This story was originally published by UNC Media Hub. Story and photos by Madi Kirkman.
Nicole Benjamin was drawn to arboriculture through a Facebook advertisement that said, “Get paid to climb trees.”
Growing up, she loved climbing trees. As an adult, she might have been more cautious entering the industry, considering that forestry is one of the most dangerous industries in the U.S., with the highest death rate per 100,000 workers, according to the National Safety Council.
“I mean, there’s times where I’m nervous for various reasons, but for the most part, once I’m up in a tree, all the other stress that’s going on fades, almost disappears really, so it feels like a weird meditation or a flow state,” she said. “It just feels comfortable, it feels like that’s where I belong.”
This ad led to her entering the multi-billion dollar tree care industry, an industry that involves the cultivation of trees and other woody plants—and one in which women are significantly underrepresented.
Benjamin and women like her make up only 7.4 percent of total female arborists nationwide, but their experiences climbing trees offer a unique perspective into a dangerous and exciting male-dominated industry.
Sosha Rockwood became part of this 7.4 percent when she was looking for a career that would keep her outside working with plants.
When she first found an arboriculture job, she expressed doubts about entering the profession. However, she was willing to give it a shot, and she quickly disproved her self-doubt and the doubts of others.
“I definitely worked my ass off to prove that I deserved a spot on the crew early on,” Rockwood said.
Although she had to prove herself, she doesn’t think that’s just because of her gender. Part of the culture involves pressure on newcomers to pull their weight and mesh well with the crew.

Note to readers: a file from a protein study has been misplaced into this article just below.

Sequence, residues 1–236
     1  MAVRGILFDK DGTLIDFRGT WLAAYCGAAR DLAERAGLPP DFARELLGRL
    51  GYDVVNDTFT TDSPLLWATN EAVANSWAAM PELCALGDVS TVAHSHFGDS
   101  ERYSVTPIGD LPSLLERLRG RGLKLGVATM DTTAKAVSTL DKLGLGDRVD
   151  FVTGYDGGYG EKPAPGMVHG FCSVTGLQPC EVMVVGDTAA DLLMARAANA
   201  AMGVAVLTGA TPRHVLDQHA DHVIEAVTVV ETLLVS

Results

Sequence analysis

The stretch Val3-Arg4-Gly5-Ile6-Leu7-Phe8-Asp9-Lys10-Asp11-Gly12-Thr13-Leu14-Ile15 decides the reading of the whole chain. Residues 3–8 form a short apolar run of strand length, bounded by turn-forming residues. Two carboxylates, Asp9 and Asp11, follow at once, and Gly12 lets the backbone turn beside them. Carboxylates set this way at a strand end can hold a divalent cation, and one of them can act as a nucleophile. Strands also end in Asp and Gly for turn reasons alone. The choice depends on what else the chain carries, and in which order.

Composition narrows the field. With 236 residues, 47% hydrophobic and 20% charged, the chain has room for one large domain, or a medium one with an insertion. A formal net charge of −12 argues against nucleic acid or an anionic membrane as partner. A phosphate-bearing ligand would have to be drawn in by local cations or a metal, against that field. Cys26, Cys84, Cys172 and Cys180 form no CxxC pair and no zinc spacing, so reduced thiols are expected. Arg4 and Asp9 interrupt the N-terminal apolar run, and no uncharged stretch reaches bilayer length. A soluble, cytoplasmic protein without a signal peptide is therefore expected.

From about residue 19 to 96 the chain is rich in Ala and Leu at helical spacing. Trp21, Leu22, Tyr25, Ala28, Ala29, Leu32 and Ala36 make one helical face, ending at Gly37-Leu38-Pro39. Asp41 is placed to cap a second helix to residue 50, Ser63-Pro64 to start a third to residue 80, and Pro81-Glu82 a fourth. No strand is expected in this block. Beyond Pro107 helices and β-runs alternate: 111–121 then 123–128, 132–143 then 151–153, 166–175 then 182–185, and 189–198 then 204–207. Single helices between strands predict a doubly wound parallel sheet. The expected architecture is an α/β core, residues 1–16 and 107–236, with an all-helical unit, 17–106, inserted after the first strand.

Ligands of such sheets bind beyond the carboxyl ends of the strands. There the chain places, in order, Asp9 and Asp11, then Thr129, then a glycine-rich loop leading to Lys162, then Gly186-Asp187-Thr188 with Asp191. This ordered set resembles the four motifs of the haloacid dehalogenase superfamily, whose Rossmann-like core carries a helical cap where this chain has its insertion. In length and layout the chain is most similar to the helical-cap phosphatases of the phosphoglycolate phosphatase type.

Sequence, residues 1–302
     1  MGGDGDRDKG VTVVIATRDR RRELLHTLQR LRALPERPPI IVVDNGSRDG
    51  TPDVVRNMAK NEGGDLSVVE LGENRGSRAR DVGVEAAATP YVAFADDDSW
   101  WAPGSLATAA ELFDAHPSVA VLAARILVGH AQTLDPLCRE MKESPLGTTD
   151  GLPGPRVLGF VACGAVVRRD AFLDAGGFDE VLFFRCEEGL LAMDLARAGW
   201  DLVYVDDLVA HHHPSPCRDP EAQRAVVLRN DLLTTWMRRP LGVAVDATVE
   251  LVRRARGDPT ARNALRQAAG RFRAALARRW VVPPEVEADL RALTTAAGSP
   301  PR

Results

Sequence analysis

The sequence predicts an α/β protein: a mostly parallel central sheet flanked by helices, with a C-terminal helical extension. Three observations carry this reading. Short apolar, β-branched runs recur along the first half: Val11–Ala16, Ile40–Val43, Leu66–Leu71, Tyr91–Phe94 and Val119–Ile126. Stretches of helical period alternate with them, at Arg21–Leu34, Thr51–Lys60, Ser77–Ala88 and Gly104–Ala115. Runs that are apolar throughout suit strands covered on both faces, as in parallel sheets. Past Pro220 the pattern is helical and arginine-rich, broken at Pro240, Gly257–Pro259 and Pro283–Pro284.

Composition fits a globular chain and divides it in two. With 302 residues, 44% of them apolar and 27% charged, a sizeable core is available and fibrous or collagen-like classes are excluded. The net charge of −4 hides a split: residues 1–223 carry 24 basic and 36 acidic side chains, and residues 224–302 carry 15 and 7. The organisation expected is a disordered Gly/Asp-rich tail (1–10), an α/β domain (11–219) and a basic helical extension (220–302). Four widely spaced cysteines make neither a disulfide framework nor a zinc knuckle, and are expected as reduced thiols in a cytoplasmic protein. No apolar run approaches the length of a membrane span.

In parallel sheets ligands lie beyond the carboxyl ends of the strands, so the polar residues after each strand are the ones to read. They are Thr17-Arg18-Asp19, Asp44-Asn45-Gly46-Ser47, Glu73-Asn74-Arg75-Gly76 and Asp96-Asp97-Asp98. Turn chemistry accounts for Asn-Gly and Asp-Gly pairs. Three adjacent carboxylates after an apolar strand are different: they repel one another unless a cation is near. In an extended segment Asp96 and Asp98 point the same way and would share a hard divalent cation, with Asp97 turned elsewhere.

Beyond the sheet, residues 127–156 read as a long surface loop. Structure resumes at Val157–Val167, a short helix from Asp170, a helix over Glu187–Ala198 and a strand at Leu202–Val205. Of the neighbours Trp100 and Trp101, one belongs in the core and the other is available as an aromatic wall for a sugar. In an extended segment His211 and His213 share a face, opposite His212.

However, one gender difference became clear to Rockwood about five years ago.
“It was impossible to find gear that fit correctly,” she said. “I remember modifying a pair of spikes to get them short enough.”
Erin Demers addresses issues like these that women in arboriculture face through her role managing the Women in Tree Care network for the Tree Care Industry Association. The network provides resources for member tree care companies, including training and education. It started as an informal forum for women to get together and talk about issues they faced in the industry.
“It’s important because the women are building relationships and they have this community where you can share struggles you have or challenges or situations and lean on each other and see other women have similar experiences and how they handled it,” she said.
Alison Lancaster is a current member of the Women in Arboriculture committee, which aims to empower women in the tree care industry. She said when she first entered the industry, she was always the only woman in the room at conferences or other educational events. However, in the last seven years, she said there has been a steady increase in the number of women.
“It’s hard to envision yourself doing work that you don’t see other women doing,” Lancaster said. “If all you ever see is a man in a tree, it’s hard to imagine a woman in a tree.”
Lancaster said she thinks one of the most prohibitive aspects for women entering the industry is feeling like they’re going to be compared to men.